There they were, the twin towers gleaming in a bright September morning against a cloudless, bright, blue sky; except for the huge plumes of black smoke pouring from the top 20 or so floors of both buildings. I flashed on the old ‘70s movie “Towering Inferno”. How did that movie I’d never seen more than about 10 minutes of at a time end?!? How many were saved? How long did it take to finally – just burn out?

Bryant Gumble’s calm TV voice hypnotically recited the facts as known at – I flicked the info button to see the time, 9:07 a.m.

“Two planes … believed to be a 737 and a 767 … 18 minutes apart … North Tower first, then the South Tower … Not known if intent or accidents … Here it is. Watch to the right of your screen and you’ll see the second plane as it approaches and plows into the South Tower.”

Oh man, that wasn’t an accident! There was malevolent intent apparent the first time I saw it. That building was a target. But can’t alarm the public with unsubstantiated theories – public, I have public there!!!

I raced back to my office for the phone. Stuart and Annie Lee, my friends since college days in Richmond, Virginia, at old VCU, the urban university; Stuart and Annie, whom I sublet that Lower Manhattan loft from in 1979-80, when I had my New York state of mind experience, still lived in that five-story walkup, 11 blocks from the World Trade Center.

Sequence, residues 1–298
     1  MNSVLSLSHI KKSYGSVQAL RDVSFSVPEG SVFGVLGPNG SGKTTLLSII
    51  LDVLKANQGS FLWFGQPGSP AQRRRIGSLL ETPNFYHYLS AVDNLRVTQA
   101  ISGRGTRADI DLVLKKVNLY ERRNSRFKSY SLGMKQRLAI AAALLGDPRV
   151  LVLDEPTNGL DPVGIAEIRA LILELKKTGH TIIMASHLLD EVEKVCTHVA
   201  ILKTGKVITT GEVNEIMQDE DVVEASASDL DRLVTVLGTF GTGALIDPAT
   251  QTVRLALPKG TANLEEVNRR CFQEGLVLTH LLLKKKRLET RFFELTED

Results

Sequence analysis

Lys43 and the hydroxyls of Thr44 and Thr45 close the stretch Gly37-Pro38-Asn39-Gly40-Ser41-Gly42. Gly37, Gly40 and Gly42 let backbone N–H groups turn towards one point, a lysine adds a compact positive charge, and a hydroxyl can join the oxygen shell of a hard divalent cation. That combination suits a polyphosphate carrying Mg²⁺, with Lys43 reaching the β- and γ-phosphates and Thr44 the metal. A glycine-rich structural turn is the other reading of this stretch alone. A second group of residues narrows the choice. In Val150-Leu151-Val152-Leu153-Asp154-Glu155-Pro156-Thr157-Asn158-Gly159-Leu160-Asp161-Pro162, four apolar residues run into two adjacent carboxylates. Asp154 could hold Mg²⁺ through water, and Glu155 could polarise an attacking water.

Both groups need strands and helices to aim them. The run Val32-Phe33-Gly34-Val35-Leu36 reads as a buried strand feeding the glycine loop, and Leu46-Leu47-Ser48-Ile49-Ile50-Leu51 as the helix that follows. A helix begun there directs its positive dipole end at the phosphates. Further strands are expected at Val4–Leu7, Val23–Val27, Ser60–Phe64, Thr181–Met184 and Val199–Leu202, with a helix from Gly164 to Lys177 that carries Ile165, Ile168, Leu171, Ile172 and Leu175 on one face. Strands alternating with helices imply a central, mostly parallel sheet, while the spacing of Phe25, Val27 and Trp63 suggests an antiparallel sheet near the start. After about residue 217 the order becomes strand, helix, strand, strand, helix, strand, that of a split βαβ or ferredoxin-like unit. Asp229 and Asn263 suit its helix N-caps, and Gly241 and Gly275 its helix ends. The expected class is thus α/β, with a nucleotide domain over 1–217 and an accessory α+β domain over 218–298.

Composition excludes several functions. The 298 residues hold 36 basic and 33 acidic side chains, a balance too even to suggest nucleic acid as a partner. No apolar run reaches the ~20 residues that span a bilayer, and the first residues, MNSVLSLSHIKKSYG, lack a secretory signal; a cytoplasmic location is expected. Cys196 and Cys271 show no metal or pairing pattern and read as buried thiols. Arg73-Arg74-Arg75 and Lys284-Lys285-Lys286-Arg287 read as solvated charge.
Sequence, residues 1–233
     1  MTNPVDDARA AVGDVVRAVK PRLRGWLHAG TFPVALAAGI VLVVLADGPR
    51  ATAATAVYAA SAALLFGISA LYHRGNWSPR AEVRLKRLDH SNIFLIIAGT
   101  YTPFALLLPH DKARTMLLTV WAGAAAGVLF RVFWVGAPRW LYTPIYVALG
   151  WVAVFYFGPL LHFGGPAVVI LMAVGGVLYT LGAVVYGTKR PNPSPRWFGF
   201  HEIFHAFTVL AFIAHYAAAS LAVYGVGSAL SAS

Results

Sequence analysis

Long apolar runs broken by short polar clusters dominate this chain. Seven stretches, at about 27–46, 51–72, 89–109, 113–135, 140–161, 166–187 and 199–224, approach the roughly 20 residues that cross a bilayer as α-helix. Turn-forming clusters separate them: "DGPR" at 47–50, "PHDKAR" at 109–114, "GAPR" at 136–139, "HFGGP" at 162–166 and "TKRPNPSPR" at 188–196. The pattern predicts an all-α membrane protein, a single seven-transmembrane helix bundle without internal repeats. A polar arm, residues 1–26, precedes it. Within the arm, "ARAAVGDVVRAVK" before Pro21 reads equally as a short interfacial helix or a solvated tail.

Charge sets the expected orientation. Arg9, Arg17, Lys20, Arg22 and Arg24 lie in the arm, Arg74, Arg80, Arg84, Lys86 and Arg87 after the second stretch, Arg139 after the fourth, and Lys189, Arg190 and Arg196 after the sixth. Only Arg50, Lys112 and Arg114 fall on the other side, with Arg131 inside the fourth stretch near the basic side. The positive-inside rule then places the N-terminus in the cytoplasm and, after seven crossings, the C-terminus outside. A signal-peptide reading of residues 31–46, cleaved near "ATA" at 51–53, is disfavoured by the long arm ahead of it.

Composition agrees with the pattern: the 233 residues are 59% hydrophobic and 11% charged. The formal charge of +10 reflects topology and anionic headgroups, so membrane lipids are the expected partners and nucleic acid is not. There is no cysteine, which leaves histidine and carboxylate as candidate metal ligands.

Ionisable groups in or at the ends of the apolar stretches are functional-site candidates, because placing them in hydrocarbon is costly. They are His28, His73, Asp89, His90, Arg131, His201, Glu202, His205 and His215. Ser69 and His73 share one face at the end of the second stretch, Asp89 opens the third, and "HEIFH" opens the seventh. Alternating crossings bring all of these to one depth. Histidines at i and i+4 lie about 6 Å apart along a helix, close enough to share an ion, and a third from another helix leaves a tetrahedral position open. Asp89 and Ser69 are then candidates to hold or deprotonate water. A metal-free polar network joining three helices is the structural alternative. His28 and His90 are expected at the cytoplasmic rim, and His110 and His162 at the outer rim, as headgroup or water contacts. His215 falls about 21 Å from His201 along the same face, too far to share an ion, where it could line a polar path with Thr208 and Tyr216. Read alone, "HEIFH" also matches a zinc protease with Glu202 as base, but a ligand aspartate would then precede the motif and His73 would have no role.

Two-one-two, two-zero-two, NYC/DC, I always transpose those area codes in my head. I dial two-one-two … The line picks up on the second ring. It is Annie’s voice, “Hello” – she seems breathless.

“Annie, what the hell is going on up there,” I blurt out not letting on how relieved I am to hear her voice.

“I don’t know but it’s pretty bizarre,” she replied.

We used to joke about whether the North Tower, the closest one to their loft, would fall on their building if it tipped over on its side northbound. It seemed that close, those big rectangles looming out of their back windows and over the rooftop deck Stuart had built. That was after their 1977 wedding in Charleston, South Carolina, Annie’s home turf. I glanced at the time on the caller ID. It was 9:11 a.m. – REALLY?!? I thought without verbalizing it.